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New White House cyber strategy gives US ability to go on aggressive offense

President Donald J. Trump unveils his new national security strategy during a speech in Washington, D.C., Dec. 18, 2017. (Joyce N. Boghosian/White House)
September 21, 2018
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For the first time in more than a decade, the White House has released a strategy on cyber defense, and it takes U.S. cybersecurity in a bold new direction.

President Trump announced the Department of Defense Cyber Strategy, a 40-page report that outlines a framework of global cyber threats and an aggressive U.S. response to such threats, according to a Department of Defense release on Friday.

It is the first cyber strategy released by the White House in 15 years.

“We cannot ignore the costs of malicious cyber activity — economic or otherwise — directed at America’s government, businesses and private individuals,” President Trump said in a statement on Thursday.

The strategy includes aggressive offensives and counter-campaigns as a means of “defending forward to intercept and halt cyber threats.” It details the capabilities of China and Russia, emphasizing the need for a more progressive approach at countering widespread interference activities, instead of retroactively dealing with breaches and disinformation campaigns.

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“Guided by this [strategy], the federal government will be better equipped to protect the American people, the American homeland, and the American way of life,” President Trump added.

“Through it, we will accomplish critical security objectives while supporting American prosperity, preserving peace through strength and advancing American influence. Informed by the strategy’s guidance, federal departments and agencies will more effectively execute their missions to make America cyber secure,” he explained.

The strategy is not only focused on offensive and defensive capabilities to address threats, however. It also seeks to preserve an open and safe internet where Americans can pursue prosperity, freedoms, and access to information.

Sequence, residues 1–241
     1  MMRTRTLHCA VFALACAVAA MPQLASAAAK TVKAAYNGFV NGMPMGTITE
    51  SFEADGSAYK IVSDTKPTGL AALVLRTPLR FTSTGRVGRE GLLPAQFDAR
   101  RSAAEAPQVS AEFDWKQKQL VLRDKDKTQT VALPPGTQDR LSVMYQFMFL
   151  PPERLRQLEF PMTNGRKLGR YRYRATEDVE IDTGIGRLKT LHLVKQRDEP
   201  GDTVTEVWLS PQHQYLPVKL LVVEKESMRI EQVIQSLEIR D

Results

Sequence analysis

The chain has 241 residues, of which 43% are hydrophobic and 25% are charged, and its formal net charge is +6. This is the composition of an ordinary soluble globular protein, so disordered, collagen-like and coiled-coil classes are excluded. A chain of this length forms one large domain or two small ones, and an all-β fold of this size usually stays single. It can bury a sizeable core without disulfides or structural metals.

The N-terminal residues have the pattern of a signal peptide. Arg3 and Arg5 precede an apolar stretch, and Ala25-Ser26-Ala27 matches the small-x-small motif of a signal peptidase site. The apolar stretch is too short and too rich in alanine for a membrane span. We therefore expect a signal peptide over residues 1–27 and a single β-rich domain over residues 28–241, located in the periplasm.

“The National Cyber Strategy will promote an open and secure internet by encouraging other nations to advance internet freedom and advance a multi-stakeholder model of internet governance,” the DOD statement said.

In addition, it will “promote open, interoperable, reliable and secure communications infrastructure in addition to opening overseas markets for American ingenuity and building international cyber capacity.”

The administration’s ramped up, multi-faceted strategy on cybersecurity shows how cyberattacks have escalated into a major national security challenge. Providing transparency and details of combative capabilities sends a message to potential attackers that the U.S. is prepared to confront these issues, and will not do so lightly.

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It’s also the latest among several of President Trump’s directives on cyber warfare. Last month, President Trump reversed Presidential Policy Directive 20, an Obama-era order that mandated a structured process to be followed before the U.S. carries out cyber actions targeted at foreign entities, The Wall Street Journal had reported.

One administration official called it an “offensive step forward,” as the reversal paved the way for more aggressive responses that better countered cyberattacks.

“I’ll just put it this way: for any nation that is taking cyber activity against the United States, they should expect … that we will respond offensively as well as defensively, and beyond that I’m just not going to go [any further] at this point,” Bolton said, according to an FCW report last month.

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